Hi again film fans – here are listings for classic, repertory and specialty films being shown in the Buffalo area during April. The first list is a calendar by date. If you prefer to look up movies by title, an alphabetical list with description follows.
“Blow-Up,” 7 p.m. at the Dipson Amherst. Part of Buffalo Film Seminars.
“We are Columbine,” 7:30 p.m. at the Screening Room Cinema Café (Boulevard Mall).
“We are Columbine,” 7:30 p.m. at the Screening Room Cinema Café.
“The Godfather,” 7:30 p.m. at the Screening Room Cinema Café.
“Indiana Jones and the Last Crusade.” 11:30 a.m. at the North Park Theatre.
Continue reading “April classic movie calendar in Buffalo”
The TCM Classic Film Festival schedule is like a maze for classic movie fans as we weave our way through the massive list of more than 80 films, talks and special events spread over four days at six venues to create our individual viewing guides. It’s exciting and fun, but a bit frustrating all at the same time. (You want me to pick between what two films?!? Impossible.)
We circle movies, cross some off and put hearts or question marks next to others. Then we go back and do it all over again until we think we “have it right.”
But no matter how sure we are of our “final” choices, the only thing that’s really certain is that we’ll make more changes at the festival.
I base my choices off of three factors:
* How I feel about a film.
* Whether I’ve seen it on the big screen.
* Who is in attendance.
My only rule is that I will not see a film made in 1980 or later unless there is a very compelling reason. TCMFF is a chance for me to see films from a specific era (mostly pre-1960) that fit my definition of a classic movie. Since I was not able to see them in a theater on their initial release, I take advantage of being able to do so at the fest.
Here are my picks.
Continue reading “Tough choices: My picks to see at the TCM Classic Film Festival 2019”
We’ve taken the word Capracorn for granted. Too often we throw it around simply as a synonym for any film by director Frank Capra. It’s actually more complex.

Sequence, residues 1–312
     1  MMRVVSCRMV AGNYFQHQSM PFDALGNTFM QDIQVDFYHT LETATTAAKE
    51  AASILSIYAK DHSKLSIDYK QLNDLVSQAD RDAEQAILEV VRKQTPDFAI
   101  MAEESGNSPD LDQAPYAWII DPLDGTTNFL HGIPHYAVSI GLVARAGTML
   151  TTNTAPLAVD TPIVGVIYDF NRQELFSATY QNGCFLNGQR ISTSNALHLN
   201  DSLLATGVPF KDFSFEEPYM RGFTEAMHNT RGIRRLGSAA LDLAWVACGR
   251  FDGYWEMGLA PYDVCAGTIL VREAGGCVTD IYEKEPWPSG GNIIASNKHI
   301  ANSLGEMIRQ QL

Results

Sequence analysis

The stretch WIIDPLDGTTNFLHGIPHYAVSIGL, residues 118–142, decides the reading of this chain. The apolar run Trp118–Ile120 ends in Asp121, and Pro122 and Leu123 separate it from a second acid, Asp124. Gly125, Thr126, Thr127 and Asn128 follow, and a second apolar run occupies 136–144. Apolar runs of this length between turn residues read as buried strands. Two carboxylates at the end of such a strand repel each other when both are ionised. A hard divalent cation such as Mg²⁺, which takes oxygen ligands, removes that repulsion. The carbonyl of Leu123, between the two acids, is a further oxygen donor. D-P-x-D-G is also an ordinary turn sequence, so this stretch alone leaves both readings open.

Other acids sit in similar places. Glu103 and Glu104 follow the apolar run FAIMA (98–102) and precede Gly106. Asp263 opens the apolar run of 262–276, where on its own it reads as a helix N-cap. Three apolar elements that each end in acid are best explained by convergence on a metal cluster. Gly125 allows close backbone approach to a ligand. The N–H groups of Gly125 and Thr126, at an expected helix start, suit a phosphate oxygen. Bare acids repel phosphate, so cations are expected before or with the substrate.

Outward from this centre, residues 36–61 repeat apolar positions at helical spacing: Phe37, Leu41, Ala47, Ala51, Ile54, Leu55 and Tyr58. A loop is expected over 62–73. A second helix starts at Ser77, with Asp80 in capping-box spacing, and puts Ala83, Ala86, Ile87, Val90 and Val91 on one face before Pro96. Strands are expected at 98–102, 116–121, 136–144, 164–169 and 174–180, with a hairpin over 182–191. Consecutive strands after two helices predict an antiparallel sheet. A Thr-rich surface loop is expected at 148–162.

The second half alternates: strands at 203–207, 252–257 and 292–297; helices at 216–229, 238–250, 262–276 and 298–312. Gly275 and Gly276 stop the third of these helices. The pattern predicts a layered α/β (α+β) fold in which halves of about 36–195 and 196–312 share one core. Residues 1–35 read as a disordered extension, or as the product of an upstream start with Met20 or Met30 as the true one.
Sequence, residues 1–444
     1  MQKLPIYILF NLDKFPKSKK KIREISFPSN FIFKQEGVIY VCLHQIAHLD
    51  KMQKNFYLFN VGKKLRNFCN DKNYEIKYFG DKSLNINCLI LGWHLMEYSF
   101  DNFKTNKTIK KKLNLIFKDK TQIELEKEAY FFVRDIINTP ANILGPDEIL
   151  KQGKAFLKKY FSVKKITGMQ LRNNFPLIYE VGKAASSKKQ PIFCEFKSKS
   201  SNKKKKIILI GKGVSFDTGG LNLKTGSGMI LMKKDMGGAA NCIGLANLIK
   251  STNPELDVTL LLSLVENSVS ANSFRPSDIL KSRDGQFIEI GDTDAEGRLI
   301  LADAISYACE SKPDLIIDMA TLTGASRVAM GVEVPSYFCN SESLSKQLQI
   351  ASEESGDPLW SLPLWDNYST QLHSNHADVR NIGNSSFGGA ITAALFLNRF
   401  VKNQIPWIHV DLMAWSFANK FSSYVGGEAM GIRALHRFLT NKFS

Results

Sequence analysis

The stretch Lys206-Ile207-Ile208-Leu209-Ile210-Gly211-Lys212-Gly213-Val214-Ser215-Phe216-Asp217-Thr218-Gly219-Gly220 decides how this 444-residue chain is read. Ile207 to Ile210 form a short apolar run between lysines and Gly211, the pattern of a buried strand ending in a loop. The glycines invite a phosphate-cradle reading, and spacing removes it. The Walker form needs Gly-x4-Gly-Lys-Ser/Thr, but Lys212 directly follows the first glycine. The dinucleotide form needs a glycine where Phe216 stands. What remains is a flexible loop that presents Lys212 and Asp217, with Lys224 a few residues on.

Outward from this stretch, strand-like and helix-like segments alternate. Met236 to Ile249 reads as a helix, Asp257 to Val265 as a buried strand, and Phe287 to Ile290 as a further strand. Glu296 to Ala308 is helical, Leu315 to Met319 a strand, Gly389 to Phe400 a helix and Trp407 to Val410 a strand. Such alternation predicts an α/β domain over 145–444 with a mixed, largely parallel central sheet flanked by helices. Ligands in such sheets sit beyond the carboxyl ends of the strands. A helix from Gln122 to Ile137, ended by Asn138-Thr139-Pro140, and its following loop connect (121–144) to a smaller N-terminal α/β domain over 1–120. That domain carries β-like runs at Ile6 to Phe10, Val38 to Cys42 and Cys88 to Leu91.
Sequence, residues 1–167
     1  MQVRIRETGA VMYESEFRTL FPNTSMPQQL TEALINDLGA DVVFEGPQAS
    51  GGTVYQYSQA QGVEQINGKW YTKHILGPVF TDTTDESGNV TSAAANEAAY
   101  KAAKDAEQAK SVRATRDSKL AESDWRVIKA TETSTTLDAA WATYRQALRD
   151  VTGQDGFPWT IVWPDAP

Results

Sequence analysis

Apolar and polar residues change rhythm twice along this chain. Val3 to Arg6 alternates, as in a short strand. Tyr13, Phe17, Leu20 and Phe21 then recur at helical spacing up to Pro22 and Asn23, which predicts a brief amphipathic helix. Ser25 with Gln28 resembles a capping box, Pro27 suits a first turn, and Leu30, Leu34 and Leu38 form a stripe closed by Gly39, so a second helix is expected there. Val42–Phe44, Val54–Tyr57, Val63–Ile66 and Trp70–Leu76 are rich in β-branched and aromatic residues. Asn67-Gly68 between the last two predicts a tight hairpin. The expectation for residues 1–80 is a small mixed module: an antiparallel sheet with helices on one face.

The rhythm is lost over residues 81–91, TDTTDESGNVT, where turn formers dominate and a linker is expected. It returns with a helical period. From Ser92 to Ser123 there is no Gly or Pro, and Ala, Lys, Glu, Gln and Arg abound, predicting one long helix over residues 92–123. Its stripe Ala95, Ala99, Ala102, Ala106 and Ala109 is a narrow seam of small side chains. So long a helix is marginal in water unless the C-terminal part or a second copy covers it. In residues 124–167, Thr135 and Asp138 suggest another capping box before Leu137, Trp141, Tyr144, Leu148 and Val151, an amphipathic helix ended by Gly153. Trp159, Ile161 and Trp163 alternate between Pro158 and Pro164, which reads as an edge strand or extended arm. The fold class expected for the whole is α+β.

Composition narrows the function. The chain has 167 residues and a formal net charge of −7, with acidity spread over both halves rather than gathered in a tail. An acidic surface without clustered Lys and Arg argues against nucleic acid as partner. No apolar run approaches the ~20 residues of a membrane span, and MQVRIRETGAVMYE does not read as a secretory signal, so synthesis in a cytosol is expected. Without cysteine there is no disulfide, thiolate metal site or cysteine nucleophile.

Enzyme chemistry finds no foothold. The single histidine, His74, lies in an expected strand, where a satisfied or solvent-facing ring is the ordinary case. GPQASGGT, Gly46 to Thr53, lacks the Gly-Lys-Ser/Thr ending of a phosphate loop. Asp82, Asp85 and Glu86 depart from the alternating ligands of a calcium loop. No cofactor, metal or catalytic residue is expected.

To be a Capracorn film you need:
- A common man
- A feisty, independent woman
- A big machine out to destroy the little guy
- Overt sentimentality
- Sharp, witty dialogue
- Engaging minor characters
- A deft touch with romance
- An overwhelming sense of decency and innate goodness
That’s a lot to fit into a film, let alone make it feel effortless and real, too. But in movies like “You Can’t Take It With You,” “Meet John Doe” and “Mr. Deeds Goes to Town,” we got all of the above and more. The common thread pulling it all together: the collaboration of Capra and screenwriter Robert Riskin.
Capra was the first director to put his name above the film title because of his belief in his singular vision as a filmmaker. Except – and this is tough to say since I always took pride in using “Capracorn” in a sentence – films are not a one-person art form. Capra had a vision, yes, and a great one, but that vision needed the talents of other craftsmen, including a screenwriter. In at least 10 of those films, that screenwriter was Riskin, whose name is in the credits of 13 Capra movies. Without Riskin, there was no Capracorn.
As Pat McGilligan writes in the intro to “Six Screenplays by Robert Riskin” (all films directed by Capra), “Capra was certainly ‘the name above the title,’ but Riskin was the man who provided the story or script, without which these would have been nothing but a title.”
Continue reading “Credit where it’s due: Robert Riskin’s words gave us the ‘Mr. Deeds’ we love”